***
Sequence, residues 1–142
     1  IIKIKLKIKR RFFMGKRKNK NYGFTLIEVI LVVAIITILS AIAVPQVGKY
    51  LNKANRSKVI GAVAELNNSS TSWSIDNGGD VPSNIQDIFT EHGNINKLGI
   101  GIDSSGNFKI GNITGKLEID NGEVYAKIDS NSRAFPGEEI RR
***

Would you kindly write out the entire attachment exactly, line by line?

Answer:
Sequence, residues 1–142
     1  IIKIKLKIKR RFFMGKRKNK NYGFTLIEVI LVVAIITILS AIAVPQVGKY
    51  LNKANRSKVI GAVAELNNSS TSWSIDNGGD VPSNIQDIFT EHGNINKLGI
   101  GIDSSGNFKI GNITGKLEID NGEVYAKIDS NSRAFPGEEI RR